Saturday, July 4, 2015

CAPTAIN AMER-- I MEAN, INDEPENDENCE DAY

HAPPY 4TH OF JULY!

Thought I'd commemorate this year's 4th of July to my favorite superhero-duo, Iron Man and Captain America, via a coin - Stark's first arc reactor on one side, Cap's shield on the other.

Since, you know, they're really two sides of the same coin. Of America. Of heroism. Of--- Ok, metaphors aside. I'm eagerly anticipating Captain America's Civil War movie coming out next year, but I couldn't choose a side, since I love both Cap and Stark. So... I thought it'd be funny to literally flip a coin to decide which side I'd be on.

And a quarter there for scale.
I'm still undecided, if you're wondering.

The designs were laser etched onto aluminum, parted from a rod stock of 6061, using CerMark and an Epilog laser cutter.

Here's how I made the coins:


1) Drafted up to-scale designs in Adobe Illustrator.
In this case, the coins needed to be 1" in diameter.
(Shape fills without outline will be etched)
Export to DXF.

2) Prep your stock of aluminum.
If you have access to a waterjet, use that to cut
circles instead - it's a lot faster than what I did.
In my case, I had to use the cold saw to 
cut a chunk off....

...and then use the lathe to slice off thin disks.

Like so.

Then did some manual finishing with a file.
See, if you had just used the waterjet,
you'd be at step 3 already. :P

3) Mix 1:1 CerMark solution and denatured alcohol.
Then lay a thin coat the metal surface.
Then wait for it to fully dry.
CerMark's a tad expensive, but I luckily had some lying
around in the shop I could use. You don't need much for this-
I used like.... maybe a tablespoon?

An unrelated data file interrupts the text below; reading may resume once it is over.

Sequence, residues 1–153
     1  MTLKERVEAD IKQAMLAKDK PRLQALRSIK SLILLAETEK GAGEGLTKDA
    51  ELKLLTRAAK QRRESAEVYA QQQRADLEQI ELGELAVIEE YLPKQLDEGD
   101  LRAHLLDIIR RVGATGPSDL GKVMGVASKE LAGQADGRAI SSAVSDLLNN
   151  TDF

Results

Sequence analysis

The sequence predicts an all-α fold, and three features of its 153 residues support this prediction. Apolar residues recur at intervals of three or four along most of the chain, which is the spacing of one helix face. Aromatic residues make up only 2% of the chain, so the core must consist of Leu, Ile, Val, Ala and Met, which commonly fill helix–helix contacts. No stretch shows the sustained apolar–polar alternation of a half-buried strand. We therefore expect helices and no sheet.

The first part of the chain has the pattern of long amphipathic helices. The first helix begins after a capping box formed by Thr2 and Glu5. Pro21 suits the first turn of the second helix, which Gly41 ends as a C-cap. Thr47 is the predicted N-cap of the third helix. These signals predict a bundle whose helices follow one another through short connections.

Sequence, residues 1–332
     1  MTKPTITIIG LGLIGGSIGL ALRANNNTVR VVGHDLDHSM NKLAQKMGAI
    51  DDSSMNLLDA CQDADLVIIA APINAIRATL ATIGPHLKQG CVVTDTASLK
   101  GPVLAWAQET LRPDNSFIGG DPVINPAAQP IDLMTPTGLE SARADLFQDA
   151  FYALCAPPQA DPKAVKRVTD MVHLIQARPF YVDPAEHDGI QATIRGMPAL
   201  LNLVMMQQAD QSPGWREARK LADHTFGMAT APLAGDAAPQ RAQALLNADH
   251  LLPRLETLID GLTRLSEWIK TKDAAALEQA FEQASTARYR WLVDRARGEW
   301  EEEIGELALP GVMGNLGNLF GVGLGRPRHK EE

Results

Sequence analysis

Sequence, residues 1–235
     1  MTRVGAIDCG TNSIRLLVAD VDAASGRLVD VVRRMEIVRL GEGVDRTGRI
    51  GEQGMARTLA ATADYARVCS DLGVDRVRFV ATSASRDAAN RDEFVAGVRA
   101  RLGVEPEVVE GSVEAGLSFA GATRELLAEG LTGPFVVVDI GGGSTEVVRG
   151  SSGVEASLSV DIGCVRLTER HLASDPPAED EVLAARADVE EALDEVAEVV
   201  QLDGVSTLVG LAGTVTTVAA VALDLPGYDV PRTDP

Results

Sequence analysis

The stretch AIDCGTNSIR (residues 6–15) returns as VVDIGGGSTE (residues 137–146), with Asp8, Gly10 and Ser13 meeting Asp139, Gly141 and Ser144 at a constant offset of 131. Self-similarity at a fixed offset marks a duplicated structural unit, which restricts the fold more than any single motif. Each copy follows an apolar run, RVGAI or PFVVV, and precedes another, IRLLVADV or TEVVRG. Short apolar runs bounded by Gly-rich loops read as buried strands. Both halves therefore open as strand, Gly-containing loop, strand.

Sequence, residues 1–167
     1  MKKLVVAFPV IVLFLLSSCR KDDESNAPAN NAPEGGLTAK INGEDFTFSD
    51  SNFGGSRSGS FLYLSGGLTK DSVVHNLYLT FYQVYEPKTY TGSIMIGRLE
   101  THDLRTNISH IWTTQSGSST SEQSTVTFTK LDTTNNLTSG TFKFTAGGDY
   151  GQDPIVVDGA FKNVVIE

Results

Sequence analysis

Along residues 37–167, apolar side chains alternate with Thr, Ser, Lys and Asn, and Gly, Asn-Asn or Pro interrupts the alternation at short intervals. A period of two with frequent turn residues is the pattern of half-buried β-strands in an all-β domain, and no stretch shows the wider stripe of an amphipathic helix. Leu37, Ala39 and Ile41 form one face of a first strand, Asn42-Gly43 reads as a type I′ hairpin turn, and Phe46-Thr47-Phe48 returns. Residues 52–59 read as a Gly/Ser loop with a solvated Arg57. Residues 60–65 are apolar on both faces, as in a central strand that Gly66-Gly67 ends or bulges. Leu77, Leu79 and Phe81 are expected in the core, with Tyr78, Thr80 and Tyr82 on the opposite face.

The reason we use CerMark is because normally,
the laser will reflect off of metals. The CerMark solution
makes the surface absorbent, thus enabling a proper etch.

4) Cut 2 coin-sized circles in a dummy sheet to hold
the metal coins. (I used 3mm acrylic, 1.015" wide.)
Then, without changing anything about the physical
setup, change your print settings for metal raster,
set your metal pieces in the slots and send your
print to the lasercutter.

Setting-wise for the metal, I used:
100% power, 20% speed.

5) Wash off the remaining CerMark mix with water.
And TADA! You have a metal etch.
Above's a comparison of the acrylic raster test print
to the aluminum raster'd coin.

6) Flip the coins over, repeat 3) and 5),
making sure the coins have a different design
on the other side.

7) (Optional) Flip a coin to decide which side you're on. xD

CAN'T I BE ON BOTH SIDES?
I LOVE THEM BOTH.


A few things I'd do differently next time around:
  • Use a waterjet. I could get thinner disks with ridged, or decorative edges, or make extra jut-offs that could hold a necklace string, earring hook, etc.
  • 100% power, 10% speed on the laser cutter.
  • Shake the CerMark longer before use, and mix more thoroughly. The second coin, as you'll see below in the video, didn't etch properly because the chemical solution wasn't mixed properly.
  • Polish the metal surface before etching. Just for the shine factor.
  • Maybe turn this into a necklace? Earrings? Coasters? Poker chips? Haha.

video
Light, very flippable, Captain America and Iron Man coins!


So even after making this, I can't choose a side. I've had a huge crush on Robert Downey Jr's portrayal of Tony Stark since the first Iron Man, and when Chris Evans first appeared as Captain America, I grew a huge crush on that portrayal too (plus, his Winter Soldier outfit - so cool!). Plus the whole universe they live in, what happens to them, the people they interact with-- Aaaah, so good!

So yeah. My inner fangirl will probably have her heart broken come Civil War day, but until then... LOVE, NOT WAR! <3

~~~~~~~~~

In other news, BATTLEBOTS is on ABC! I was part of team JACD, robot OVERHAUL and it was an awesome experience. I have another blog post planned after the whole series finishes, so I'll speak more about it then. : )

Until then, tune in!

No comments:

Post a Comment